• Report post to moderator

Dr. Kellner wrote:
You can see this in the jobless rate for managers and professionals. They now account for almost a fifth of the unemployed. At the end of the 1990-91
recession, they were 11 percent; 20 years ago little more than 6 percent.


Unfortunately, if the stat is correct it confirms what I have been speculating and afraid of --- the pie is getting smaller, the wage is going down, we need to do something (unionization, lobby, and so on) to try to keep what we have for as long as possible.
Do the numbers imply that MBA and management path is not an alternative afterall? On the other hand, my neighbor has been having a hard time to find someone to mow his lawn. I don't think this kind of jobs can be offshored just yet.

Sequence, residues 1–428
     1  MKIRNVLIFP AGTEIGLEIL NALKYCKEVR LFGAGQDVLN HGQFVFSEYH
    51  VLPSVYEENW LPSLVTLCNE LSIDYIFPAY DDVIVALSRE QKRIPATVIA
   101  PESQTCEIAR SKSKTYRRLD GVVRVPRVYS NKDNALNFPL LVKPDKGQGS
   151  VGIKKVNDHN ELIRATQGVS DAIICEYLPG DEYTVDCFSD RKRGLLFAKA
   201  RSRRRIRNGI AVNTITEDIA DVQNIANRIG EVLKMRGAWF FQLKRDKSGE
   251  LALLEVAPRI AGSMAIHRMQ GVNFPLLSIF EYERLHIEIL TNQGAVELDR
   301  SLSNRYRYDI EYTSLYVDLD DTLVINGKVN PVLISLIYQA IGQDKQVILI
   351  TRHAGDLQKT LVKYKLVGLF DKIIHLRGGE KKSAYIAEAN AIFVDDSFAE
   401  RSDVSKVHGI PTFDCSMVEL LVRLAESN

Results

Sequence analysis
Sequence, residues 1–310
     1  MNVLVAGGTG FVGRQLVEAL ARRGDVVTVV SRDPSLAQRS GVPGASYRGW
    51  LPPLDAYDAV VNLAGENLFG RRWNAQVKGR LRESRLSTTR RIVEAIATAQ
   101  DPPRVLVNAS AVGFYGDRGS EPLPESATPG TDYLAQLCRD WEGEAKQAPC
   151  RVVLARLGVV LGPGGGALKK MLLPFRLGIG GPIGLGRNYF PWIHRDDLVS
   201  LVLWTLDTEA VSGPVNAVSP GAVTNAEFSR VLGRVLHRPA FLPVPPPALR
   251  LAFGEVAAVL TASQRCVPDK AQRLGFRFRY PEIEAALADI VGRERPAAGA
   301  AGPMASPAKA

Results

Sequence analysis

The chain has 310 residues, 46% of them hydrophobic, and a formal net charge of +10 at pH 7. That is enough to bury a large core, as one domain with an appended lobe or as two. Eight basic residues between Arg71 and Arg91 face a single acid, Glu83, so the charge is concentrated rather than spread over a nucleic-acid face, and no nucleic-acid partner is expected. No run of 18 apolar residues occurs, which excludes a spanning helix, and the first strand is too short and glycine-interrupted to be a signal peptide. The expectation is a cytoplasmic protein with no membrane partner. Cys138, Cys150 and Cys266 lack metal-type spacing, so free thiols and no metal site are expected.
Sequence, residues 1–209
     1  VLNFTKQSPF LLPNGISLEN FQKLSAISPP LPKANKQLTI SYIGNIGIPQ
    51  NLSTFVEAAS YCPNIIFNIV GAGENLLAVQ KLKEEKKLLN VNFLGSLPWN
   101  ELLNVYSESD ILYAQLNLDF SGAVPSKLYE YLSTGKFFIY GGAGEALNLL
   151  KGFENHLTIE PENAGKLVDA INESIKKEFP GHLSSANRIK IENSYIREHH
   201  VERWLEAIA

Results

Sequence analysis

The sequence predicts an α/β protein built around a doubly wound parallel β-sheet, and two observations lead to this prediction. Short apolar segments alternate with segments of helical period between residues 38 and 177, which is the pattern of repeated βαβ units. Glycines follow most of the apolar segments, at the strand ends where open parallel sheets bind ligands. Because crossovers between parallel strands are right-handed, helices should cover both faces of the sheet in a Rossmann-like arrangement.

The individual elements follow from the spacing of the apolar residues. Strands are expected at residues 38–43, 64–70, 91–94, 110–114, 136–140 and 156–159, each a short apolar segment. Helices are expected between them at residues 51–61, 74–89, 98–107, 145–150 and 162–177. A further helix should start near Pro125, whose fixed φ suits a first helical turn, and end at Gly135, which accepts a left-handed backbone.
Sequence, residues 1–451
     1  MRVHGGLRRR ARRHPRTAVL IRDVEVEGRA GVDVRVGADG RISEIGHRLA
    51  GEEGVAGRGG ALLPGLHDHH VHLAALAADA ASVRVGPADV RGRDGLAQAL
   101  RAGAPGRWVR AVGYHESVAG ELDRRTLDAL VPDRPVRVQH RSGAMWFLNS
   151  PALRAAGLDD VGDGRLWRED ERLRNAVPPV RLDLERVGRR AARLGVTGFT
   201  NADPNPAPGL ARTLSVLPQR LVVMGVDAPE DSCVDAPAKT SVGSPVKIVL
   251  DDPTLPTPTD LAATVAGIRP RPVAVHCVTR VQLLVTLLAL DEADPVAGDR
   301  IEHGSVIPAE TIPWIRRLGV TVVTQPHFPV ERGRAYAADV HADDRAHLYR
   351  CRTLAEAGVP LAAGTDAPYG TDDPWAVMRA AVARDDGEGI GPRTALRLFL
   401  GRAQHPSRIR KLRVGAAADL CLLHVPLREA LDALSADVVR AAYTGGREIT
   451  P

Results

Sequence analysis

Paul
 
Natalie Kopple
Ranch Hand
Posts: 325
  • Mark post as helpful
  • send pies
    Number of slices to send:
    Optional 'thank-you' note:
  • Quote
  • Report post to moderator
It is very depressing to read the "Millionaires Interrupted" at
http://money.cnn.com/2003/08/13/pf/millionaire/millionaires_interrupted/index.htm?cnn=yes
I really wish that I could deliver some cheerful news soon.
 
Ranch Hand
Posts: 1907
1
  • Mark post as helpful
  • send pies
    Number of slices to send:
    Optional 'thank-you' note:
  • Quote
  • Report post to moderator
But immigration expert Dr. Matloff says "Job outsourcing won't be more than 5% of total software development"Otherwise you wouldn't have seen people coming nowa days on L1 Visa
 
Ranch Hand
Posts: 2596
Android Firefox Browser Ubuntu
  • Mark post as helpful
  • send pies
    Number of slices to send:
    Optional 'thank-you' note:
  • Quote
  • Report post to moderator

Originally posted by Capablanca Kepler: